This third installment of Julie Kagawa’s The Iron Fey series does not disappoint and continues the momentum of the two previous novels. There were barely any dull moments, and the trio is always on the move. I did find the apparent helplessness of Meghan a bit annoying at times—every time they meet an enemy, it was Ash and Puck protecting her while she screamed or fainted—but the girl did mature emotionally throughout the book. I adore the twist at the ending and applaud Meghan for her courage and sense of responsibility. This trilogy-turned-saga will end with The Iron Knight, told from Ash’s perspective. I simply cannot wait to get my hands on the next book and would recommend this series to fans of fantasy and faerie novels.
It’s possible that I harbor a sort of morbid curiosity toward angst of any kind, given t...moreThis review may also be found on A Thousand Little Pages.
It’s possible that I harbor a sort of morbid curiosity toward angst of any kind, given the surprising amount of love I felt for this novel. Because I am not kidding when I say that the entire book is one humongous angst-fest. There’s Adam’s heartache and Mia’s barely hidden heartache and just pain and this awful sense of detachment from every other person around them.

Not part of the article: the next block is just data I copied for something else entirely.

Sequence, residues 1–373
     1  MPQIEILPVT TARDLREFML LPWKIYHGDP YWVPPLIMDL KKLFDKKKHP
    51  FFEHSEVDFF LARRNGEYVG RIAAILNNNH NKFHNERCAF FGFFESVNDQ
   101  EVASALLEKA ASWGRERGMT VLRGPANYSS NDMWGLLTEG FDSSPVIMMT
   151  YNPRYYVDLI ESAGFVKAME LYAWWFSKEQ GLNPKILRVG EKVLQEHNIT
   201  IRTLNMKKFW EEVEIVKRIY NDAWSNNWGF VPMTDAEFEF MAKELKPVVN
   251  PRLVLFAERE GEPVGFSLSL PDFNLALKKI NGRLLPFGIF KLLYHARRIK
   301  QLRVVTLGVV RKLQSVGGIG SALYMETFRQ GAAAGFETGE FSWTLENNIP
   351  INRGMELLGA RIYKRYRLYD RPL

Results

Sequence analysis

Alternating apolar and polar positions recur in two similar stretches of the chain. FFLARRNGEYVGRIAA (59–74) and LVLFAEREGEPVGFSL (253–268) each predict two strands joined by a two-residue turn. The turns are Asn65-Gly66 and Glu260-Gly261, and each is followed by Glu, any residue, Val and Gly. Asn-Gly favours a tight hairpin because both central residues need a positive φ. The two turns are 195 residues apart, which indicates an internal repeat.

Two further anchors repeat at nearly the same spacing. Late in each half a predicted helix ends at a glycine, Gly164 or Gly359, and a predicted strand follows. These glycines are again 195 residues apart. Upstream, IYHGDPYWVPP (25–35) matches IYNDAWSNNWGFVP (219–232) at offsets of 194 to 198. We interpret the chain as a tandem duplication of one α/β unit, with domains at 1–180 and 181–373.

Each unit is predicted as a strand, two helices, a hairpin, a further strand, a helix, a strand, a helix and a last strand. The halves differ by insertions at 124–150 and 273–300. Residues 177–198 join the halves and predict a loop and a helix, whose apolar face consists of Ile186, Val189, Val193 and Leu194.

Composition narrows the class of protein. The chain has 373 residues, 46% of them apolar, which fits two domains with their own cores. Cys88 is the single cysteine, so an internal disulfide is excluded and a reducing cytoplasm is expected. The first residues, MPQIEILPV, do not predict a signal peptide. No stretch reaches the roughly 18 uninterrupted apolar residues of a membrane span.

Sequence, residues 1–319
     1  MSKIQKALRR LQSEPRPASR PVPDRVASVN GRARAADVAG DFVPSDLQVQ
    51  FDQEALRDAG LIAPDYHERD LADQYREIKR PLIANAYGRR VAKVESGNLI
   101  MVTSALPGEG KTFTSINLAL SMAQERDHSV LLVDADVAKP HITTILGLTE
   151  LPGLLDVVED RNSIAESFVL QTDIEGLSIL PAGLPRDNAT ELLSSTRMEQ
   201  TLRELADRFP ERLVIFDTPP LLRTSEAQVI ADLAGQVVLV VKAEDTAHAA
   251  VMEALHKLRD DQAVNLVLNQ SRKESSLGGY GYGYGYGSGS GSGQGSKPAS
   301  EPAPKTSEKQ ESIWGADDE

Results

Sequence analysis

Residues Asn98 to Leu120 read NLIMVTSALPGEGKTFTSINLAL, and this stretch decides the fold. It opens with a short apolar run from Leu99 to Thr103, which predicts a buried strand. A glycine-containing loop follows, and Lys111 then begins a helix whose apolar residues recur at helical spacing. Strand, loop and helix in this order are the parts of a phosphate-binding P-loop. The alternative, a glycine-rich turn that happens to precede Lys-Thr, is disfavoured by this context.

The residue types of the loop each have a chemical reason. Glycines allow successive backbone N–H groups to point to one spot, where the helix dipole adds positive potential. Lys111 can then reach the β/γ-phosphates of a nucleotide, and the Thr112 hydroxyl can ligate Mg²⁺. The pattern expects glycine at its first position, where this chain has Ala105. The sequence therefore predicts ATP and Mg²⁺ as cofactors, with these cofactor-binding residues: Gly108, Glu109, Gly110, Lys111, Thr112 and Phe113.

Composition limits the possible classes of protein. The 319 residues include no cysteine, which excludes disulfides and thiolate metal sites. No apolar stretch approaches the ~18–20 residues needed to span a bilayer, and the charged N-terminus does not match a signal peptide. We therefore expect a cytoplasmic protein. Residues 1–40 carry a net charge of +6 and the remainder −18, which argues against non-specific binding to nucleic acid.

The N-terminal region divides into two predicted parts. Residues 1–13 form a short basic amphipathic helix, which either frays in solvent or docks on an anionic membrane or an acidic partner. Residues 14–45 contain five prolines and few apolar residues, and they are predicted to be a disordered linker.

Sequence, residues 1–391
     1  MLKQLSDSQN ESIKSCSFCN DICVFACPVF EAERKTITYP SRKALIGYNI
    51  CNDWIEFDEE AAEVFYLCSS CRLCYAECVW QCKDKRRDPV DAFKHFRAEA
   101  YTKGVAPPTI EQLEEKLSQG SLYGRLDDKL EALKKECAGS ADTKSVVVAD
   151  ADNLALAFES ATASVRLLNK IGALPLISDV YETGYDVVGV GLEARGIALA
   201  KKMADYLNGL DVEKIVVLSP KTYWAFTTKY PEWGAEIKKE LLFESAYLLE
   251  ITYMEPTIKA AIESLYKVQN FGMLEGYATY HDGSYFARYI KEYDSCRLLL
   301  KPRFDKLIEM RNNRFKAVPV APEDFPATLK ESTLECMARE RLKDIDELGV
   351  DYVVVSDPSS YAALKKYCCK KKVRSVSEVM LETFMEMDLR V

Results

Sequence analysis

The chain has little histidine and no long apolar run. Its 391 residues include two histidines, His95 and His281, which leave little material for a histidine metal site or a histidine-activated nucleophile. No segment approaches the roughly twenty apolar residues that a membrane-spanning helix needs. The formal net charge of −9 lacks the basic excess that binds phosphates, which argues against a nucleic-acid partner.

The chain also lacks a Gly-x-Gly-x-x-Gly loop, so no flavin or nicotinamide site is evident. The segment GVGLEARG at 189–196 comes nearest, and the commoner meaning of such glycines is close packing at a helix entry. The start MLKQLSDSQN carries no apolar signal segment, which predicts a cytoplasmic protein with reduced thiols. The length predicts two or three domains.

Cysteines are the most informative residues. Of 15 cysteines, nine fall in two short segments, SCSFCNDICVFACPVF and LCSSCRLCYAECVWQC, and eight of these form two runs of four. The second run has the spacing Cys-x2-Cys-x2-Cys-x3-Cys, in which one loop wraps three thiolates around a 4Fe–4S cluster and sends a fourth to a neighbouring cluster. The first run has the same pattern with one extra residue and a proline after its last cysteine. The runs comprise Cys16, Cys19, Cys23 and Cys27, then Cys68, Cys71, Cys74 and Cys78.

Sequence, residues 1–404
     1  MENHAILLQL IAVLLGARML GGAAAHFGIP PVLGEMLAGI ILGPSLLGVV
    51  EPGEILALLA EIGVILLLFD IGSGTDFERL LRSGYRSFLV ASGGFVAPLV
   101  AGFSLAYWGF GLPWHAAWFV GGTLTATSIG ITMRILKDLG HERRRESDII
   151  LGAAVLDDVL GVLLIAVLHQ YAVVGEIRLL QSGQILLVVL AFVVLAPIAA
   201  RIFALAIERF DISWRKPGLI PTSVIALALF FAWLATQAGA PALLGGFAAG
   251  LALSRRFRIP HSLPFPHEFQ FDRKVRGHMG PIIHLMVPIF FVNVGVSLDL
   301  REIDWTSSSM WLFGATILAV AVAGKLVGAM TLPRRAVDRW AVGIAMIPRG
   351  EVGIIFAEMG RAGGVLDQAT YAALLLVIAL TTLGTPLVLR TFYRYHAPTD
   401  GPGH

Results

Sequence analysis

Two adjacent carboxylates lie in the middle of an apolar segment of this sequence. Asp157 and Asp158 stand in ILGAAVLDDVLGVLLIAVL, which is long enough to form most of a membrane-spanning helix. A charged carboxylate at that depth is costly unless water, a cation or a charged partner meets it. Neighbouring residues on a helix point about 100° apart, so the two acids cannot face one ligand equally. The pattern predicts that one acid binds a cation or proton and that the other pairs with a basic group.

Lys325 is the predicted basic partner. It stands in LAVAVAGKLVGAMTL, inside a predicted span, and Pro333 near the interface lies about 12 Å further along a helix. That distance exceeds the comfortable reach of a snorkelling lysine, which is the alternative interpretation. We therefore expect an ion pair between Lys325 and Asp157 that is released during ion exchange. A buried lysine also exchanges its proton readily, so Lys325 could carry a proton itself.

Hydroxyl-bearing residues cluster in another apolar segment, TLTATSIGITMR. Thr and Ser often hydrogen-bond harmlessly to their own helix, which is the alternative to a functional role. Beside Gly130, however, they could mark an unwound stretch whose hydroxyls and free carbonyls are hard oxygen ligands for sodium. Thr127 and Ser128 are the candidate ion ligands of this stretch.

And I loved every single page of it.
If Adam had been a stereotypical male from the YA genre, we would doubtlessly have been treated to paragraph upon paragraph of whining and pining after Mia. Oh, I miss the way her hair smells, the feel of her skin on mine, her beautiful lips like bright red cherries blah blah blah… But Adam is stronger and just plain better than that, even if he himself doesn’t think so. Yes, he wrote emo songs to vent his frustration at Mia’s departure. Yes, he was basically kind of catatonic for a year afterward. But he did something about his pain. He made it a sort of productive pain, if that makes any sense. Adam did not sit around and stare into space; he became a national rock sensation instead.
I confess, I had originally put off reading Where She Went because If I Stay wasn’t phenomenal for me. Perhaps I was put off by the feeling of stasis -- the total lack of overall change -- that pervades the first novel. Well, Where She Went manages to retain the emotional rollercoaster from If I Stay and adds a lot more movement and development to the characters since Mia is, you know, no longer in a coma.
Sigh... An author’s ability to turn something simple into something so engaging and extraordinary: this is why I read.
Book Source: ARC from Penguin Young Readers Group via NetGalley(less)
Life has finally settled down after the violence and uncertainty of the Force of Sheep rebell...moreThis review may also be found on A Thousand Little Pages.